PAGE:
From Extortion To Manipulation – While no investor should part ways with money they are not prepared to lose, no matter how nominal the amount, cryptocurrencies are particularly prone to social engineering and misinformation risks. The naïve, as with the analog economy, can become easy prey to cyber extortion, market manipulation, fraud and other investor risks. The U.S. Securities and Exchange Commission, SEC, has gone as far as creating a fake initial coin offering (ICO) website as a way of alerting would-be crypto investors to “shinny object” threats. Indeed, emerging regulatory clarity on what constitutes a truly decentralized asset, such as bitcoin or ethereum, which is beyond the control of any one party, versus company-issued cryptocurrencies or tokens is a growing area of securities attention.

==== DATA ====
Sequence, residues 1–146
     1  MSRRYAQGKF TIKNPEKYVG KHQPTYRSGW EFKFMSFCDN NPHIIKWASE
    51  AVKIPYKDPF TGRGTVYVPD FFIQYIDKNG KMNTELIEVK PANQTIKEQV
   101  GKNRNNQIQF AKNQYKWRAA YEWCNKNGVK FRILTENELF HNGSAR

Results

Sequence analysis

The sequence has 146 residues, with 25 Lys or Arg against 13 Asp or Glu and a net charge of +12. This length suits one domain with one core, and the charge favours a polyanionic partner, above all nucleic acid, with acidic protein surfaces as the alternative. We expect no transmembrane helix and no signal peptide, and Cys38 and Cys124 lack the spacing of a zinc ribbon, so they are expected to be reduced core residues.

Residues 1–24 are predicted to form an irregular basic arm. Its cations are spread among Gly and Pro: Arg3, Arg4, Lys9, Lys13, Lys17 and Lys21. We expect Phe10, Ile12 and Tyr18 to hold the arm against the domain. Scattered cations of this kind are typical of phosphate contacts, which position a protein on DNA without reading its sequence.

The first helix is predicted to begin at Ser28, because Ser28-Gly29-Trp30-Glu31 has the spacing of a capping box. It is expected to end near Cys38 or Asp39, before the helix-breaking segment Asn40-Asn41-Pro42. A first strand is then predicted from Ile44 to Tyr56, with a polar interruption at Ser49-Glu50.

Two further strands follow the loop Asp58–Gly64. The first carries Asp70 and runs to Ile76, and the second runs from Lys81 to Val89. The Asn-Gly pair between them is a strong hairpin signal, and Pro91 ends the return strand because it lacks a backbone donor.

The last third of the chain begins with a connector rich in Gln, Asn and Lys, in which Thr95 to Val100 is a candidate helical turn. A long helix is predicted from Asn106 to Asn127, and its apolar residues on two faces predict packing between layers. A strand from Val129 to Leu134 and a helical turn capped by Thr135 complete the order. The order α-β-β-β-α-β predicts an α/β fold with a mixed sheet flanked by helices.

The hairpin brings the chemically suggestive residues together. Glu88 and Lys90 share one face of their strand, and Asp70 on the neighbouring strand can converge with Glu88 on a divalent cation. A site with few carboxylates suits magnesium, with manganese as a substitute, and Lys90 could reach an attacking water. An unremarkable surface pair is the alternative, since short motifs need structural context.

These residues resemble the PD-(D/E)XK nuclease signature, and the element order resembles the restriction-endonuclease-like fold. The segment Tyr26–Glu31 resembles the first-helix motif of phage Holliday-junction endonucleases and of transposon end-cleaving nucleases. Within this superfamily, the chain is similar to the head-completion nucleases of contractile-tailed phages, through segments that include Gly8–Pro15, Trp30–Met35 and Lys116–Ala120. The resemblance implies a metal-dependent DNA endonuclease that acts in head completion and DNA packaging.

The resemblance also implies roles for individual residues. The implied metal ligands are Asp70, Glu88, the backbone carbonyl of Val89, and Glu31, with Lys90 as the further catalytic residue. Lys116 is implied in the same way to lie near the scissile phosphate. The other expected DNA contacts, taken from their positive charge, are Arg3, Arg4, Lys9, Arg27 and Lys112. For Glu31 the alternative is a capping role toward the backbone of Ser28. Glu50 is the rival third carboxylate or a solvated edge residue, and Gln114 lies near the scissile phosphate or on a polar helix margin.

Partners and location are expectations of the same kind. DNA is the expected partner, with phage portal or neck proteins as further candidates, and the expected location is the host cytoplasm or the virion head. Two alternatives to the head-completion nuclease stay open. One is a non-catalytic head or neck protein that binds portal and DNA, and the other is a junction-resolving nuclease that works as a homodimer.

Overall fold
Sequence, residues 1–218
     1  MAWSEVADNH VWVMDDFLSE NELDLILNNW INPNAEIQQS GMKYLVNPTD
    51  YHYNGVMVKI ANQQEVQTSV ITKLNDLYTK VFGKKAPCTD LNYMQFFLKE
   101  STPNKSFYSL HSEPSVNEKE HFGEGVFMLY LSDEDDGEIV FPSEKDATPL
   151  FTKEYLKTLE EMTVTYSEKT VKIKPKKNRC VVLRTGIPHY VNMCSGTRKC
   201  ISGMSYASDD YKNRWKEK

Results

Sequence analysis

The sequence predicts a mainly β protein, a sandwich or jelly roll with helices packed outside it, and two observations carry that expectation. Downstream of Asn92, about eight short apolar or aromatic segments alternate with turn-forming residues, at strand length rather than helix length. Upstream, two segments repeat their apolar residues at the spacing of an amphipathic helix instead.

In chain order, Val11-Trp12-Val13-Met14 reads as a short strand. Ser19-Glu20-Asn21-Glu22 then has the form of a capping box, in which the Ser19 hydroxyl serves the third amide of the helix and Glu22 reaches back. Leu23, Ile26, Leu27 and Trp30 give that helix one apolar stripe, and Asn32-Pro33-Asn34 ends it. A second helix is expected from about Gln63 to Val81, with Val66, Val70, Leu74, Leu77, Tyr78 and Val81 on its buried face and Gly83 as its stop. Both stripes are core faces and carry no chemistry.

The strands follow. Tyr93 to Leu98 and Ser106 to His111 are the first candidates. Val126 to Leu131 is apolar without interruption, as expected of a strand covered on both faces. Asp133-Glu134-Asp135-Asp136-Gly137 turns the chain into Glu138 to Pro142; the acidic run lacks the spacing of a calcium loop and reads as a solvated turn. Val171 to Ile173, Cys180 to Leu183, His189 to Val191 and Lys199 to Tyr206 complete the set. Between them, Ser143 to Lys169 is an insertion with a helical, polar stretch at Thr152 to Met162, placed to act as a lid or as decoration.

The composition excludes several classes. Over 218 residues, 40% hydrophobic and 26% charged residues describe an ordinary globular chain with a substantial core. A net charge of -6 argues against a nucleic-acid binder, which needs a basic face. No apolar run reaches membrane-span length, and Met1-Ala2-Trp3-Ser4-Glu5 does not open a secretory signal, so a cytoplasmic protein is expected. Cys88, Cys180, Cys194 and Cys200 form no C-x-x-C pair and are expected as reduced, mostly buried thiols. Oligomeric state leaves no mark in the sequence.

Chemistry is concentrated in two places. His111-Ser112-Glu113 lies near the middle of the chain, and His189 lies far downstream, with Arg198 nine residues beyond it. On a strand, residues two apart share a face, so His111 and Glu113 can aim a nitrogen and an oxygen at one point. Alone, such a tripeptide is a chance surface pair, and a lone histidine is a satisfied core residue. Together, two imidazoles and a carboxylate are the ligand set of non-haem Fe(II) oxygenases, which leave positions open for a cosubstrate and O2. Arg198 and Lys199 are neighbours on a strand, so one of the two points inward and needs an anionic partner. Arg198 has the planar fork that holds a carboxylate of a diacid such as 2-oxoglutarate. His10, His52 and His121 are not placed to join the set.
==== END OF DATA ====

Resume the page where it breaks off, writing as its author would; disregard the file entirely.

Care, Custody And Control – Despite the intangible and unseen nature of cryptocurrencies and digital assets more generally, one of the single biggest issues plaguing the market is care, custody and control. Not unlike the perennial challenges of cyber and physical security of the traditional banking sector, there is a veritable standards war taking place among crypto custodians on who is providing the highest standards of investor protection and asset security. The number of high profile and high value crypto heists suggests that this playbook of best security practices is still being written. The wealthiest crypto investors are going to great lengths to protect their intangible hoard by using cold storage devices placed in physical (offline / airtight) vaults and bunkers. Not every crypto investor can afford this level of security no more than every crypto investor is a target, but all are subject to the emerging nature of care, custody and control standards. Here too, the absence of a basic “floor” in terms of security and capital guarantees, like a cyber Federal Deposit Insurance Corporate, FDIC, means that investors are exposed on a first-loss basis.